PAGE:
There is no right or wrong way to grieve. Every per­sonality deals with death differently. Try to be under­standing if your friend or loved one is grieving differ­ently than you would. I remember one person insinu­ating to my mom that it was time to stop crying and that life goes on. That is the way they would deal with loss, but my mom needed to cry out her grief. Each person goes through the stages of grief at his or her own pace, so sometimes it may take longer to work through the loss. It might be helpful to read material or books about grief so you can better help your friend or loved one. One book I would recommend is When Death Isn’t Fair by Joy Swift. It truly gave me insights on how people have to go through the grief process in their own way. What is right for one person may not be right for another. Be understanding of that.


For some it may be helpful to talk about their loved one. Others may cope by not talking about them. Let your friend or family member lead in the conversation. Even if it’s hard for you, allow the other person to do what is best for them since it is his or her loss.


Even though it makes her cry, my mom so enjoys when people share memories about my dad. It means a lot that people haven’t forgotten him, and it helps her to remember those special times that sometimes are forgotten. Because of this experience I recently shared with a friend a memory of her dad, and she had forgotten about the event. For her it brought back fond memories of that time.


When a husband or wife dies, the remaining spouse may miss the things they did together. The woman might miss someone doing things around the house or in the yard. Show support and think of things that might need to be done that she can’t handle. I remember our neighbor offering to change the oil and filters on our tractor. It was something I didn’t know how to do, and I so appreciated his willingness to help. For a widower, you might offer to do laundry or make a meal. One weekend my cousin said he was coming to cut wood because he knew my mom and I could not handle taking care of that, and we needed firewood for the winter. What a blessing that he and his boys came and provided just what we needed for the season.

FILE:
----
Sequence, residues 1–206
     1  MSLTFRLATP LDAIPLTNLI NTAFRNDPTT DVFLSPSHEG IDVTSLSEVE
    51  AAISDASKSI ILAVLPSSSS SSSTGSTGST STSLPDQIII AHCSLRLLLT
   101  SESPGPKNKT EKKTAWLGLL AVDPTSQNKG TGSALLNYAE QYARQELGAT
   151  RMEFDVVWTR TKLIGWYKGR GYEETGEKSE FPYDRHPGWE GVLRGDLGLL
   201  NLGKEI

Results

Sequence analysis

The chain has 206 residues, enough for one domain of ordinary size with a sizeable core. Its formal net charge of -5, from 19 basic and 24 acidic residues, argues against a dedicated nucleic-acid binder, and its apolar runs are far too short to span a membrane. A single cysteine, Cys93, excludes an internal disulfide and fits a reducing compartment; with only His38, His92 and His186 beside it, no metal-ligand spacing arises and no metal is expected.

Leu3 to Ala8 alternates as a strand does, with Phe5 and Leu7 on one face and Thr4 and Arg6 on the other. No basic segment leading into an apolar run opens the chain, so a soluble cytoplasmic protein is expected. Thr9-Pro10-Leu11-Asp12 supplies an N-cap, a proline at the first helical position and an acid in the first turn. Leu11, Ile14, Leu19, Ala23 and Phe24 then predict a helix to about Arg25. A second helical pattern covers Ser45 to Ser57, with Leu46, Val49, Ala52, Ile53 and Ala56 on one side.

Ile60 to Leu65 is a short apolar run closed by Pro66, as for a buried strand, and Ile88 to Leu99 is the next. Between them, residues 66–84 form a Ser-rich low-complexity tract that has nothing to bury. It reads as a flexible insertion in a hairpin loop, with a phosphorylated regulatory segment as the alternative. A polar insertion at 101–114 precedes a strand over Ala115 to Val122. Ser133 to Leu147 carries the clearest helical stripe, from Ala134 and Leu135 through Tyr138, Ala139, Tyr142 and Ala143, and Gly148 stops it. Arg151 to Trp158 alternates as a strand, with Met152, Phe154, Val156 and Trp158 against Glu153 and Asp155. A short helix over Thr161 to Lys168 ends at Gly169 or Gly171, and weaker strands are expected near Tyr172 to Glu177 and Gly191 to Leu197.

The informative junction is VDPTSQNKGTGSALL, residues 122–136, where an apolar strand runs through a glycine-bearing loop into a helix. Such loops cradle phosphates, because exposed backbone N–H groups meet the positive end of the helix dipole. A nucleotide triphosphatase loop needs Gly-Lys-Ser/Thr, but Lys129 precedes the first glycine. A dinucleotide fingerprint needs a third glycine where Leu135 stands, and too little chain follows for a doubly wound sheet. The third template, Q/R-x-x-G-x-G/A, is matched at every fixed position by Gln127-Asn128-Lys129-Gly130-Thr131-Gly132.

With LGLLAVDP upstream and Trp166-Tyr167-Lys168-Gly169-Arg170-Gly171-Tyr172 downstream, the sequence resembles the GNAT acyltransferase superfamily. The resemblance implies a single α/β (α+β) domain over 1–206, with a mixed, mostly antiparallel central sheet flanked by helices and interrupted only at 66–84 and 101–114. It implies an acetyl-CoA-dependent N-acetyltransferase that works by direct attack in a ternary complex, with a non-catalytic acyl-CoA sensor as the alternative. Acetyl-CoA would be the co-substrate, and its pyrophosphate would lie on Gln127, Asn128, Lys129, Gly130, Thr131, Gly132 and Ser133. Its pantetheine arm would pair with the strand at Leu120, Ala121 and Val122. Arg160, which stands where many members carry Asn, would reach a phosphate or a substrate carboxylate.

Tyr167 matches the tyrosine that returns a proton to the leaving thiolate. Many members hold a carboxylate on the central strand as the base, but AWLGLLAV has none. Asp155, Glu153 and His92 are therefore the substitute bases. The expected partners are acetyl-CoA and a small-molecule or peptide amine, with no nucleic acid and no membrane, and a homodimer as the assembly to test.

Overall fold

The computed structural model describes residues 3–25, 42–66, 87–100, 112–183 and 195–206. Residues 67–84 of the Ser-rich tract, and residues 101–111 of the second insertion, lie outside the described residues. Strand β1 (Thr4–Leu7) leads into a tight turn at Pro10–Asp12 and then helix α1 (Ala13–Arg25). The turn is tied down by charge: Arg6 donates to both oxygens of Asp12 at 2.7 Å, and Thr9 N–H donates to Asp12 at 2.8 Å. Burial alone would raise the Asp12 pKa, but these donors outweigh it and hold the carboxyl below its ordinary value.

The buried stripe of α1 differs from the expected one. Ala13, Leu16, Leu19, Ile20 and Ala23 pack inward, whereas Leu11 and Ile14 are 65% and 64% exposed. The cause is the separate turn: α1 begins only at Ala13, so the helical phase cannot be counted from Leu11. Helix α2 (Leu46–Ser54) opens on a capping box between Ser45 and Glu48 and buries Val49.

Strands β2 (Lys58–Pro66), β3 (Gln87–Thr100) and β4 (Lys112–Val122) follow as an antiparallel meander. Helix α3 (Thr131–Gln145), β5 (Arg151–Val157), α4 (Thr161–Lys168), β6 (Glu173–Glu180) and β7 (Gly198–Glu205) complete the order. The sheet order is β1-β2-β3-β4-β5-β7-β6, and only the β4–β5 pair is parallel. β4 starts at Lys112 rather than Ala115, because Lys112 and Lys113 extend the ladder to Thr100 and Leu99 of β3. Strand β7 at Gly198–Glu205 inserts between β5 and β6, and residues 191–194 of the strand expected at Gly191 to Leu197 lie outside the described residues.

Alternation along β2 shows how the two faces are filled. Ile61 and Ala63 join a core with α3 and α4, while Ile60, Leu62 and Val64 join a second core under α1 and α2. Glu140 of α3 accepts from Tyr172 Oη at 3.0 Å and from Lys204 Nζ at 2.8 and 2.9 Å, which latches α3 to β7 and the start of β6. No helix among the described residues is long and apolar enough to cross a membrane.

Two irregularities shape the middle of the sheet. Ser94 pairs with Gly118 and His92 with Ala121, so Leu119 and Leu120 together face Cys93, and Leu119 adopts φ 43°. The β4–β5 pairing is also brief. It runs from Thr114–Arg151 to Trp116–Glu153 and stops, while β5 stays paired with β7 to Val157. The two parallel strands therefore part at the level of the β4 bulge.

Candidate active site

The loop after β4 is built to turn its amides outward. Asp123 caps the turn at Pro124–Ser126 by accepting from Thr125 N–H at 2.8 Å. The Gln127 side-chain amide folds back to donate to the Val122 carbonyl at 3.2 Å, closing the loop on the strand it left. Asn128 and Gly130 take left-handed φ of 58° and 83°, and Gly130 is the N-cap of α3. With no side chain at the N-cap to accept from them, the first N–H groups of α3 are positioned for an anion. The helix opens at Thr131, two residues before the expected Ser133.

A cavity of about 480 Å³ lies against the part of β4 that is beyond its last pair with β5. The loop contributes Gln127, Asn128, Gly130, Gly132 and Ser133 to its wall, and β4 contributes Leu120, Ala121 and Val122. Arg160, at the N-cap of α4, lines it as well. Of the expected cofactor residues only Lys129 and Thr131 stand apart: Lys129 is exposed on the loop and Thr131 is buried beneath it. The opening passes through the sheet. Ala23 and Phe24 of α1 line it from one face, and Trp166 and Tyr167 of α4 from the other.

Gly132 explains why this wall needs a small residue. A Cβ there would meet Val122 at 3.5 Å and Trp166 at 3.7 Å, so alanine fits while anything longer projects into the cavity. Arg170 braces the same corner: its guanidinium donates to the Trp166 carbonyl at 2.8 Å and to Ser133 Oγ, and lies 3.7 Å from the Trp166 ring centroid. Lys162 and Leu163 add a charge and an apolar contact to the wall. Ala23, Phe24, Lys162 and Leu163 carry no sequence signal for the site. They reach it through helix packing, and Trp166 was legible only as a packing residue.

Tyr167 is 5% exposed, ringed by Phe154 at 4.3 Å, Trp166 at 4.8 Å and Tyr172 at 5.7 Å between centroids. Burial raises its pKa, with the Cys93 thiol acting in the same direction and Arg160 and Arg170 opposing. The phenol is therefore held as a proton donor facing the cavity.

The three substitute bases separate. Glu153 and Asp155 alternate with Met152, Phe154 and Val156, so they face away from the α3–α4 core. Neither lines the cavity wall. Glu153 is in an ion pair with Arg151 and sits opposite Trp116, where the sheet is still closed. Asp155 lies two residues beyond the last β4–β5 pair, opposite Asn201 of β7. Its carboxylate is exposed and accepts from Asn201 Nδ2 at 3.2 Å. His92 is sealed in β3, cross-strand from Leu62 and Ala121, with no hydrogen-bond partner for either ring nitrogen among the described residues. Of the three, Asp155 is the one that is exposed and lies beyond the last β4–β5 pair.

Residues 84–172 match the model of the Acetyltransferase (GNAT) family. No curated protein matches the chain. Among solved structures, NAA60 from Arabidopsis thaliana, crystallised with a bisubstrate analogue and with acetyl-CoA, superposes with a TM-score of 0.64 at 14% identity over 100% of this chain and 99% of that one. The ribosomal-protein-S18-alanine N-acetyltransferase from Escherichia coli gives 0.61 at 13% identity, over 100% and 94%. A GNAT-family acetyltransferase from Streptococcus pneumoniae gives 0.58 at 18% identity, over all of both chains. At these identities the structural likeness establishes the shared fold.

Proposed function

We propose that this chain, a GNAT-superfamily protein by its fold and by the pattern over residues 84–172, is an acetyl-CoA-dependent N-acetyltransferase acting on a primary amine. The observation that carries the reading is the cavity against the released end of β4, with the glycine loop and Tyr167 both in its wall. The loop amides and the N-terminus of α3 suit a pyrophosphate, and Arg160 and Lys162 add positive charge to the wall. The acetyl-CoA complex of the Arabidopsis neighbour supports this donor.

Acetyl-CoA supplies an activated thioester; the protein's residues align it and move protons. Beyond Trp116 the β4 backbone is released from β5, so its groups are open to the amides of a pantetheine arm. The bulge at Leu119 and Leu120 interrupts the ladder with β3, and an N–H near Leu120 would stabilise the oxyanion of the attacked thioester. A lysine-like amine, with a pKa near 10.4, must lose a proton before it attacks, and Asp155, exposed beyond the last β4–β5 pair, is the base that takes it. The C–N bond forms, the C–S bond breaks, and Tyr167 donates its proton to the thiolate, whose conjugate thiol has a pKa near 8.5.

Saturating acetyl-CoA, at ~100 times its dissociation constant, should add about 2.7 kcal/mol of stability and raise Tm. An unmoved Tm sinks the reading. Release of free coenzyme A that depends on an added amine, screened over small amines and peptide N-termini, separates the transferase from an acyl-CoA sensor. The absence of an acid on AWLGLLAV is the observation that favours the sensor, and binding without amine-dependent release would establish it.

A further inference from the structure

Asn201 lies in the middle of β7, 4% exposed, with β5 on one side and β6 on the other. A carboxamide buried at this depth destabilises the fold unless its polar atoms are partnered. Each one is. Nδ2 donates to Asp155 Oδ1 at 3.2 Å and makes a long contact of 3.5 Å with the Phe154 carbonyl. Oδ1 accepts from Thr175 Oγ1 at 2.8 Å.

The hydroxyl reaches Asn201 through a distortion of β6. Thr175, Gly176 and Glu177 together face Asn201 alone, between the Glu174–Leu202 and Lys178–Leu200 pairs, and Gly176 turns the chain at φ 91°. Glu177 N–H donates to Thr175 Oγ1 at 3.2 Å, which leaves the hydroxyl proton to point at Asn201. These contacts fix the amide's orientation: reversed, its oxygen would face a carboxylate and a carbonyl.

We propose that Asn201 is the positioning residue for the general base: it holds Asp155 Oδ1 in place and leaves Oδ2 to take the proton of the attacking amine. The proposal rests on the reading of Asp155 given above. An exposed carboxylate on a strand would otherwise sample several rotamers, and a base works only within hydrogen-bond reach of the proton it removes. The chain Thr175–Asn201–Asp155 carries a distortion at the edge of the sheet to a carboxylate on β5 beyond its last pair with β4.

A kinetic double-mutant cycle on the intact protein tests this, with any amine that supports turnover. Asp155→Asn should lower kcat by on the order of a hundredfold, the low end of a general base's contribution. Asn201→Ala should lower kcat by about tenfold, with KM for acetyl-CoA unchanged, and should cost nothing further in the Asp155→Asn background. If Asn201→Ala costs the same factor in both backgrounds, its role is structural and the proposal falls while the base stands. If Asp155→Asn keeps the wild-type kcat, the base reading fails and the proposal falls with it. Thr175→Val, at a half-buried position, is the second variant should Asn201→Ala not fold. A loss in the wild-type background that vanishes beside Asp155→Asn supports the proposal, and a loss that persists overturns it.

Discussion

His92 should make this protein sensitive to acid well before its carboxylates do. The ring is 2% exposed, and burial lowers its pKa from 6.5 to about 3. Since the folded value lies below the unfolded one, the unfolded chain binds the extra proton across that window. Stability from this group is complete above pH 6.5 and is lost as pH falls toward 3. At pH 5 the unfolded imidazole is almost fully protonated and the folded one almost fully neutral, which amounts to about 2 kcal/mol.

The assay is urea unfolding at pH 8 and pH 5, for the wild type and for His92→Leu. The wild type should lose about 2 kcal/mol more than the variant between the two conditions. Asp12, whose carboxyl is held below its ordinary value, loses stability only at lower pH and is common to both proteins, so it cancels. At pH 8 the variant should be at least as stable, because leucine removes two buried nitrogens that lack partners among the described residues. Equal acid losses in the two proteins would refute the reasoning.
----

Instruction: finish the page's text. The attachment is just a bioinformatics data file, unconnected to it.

Take time to visit and see how your friend or family member is doing. Sometimes having company helps through those lonely, difficult days. I remember our extended family coming to visit almost every month that first winter to help us cope. They were there for the first holiday, the birth of my nephew, and then his dedication. We so appreciated their loving support.


Don’t keep saying, “The Lord is coming soon.” Al­though that is true, there is still the pain of loss. God is there to help through the trials of life. It does help to have the hope of the Second Coming, but the hurt is still there. Acknowledge it. Don’t make people feel that they lack faith because they are grieving. 


Going through the first birthday, Father’s Day, Mother’s Day, wedding anniversary, vacation, Christ­mas, Valentine’s Day, and other holidays without your loved one is very hard. Recognize that it will be a dif­ficult day, and let the person know you care. Don’t pretend that nothing happened and that it will be like any other birthday, holiday, etc. Send a card or call to let the person know you are thinking of him or her.

Remember that sometimes the simplest way to show you care can go a long way. Some who have not experienced a loss may not know what to do to help someone who is grieving. The main thing is to be there for them. This is their trial, and the focus can’t be on how you feel or that you aren’t receiving anything in the relationship at that moment. It’s okay. The rela­tionship will become balanced again. Jesus wants us to show compassion. Matthew 5:4 says, “Blessed are they that mourn: for they shall be comforted.” Let us be the ones to comfort those who grieve.

Shelly Lowe is the editorial assistant for Shepherdess International at the General Conference of Seventh-day Adventists in Silver Spring, Maryland. She loves to spend time with her niece and nephew. She also enjoys time with family, reading, music, and working with children.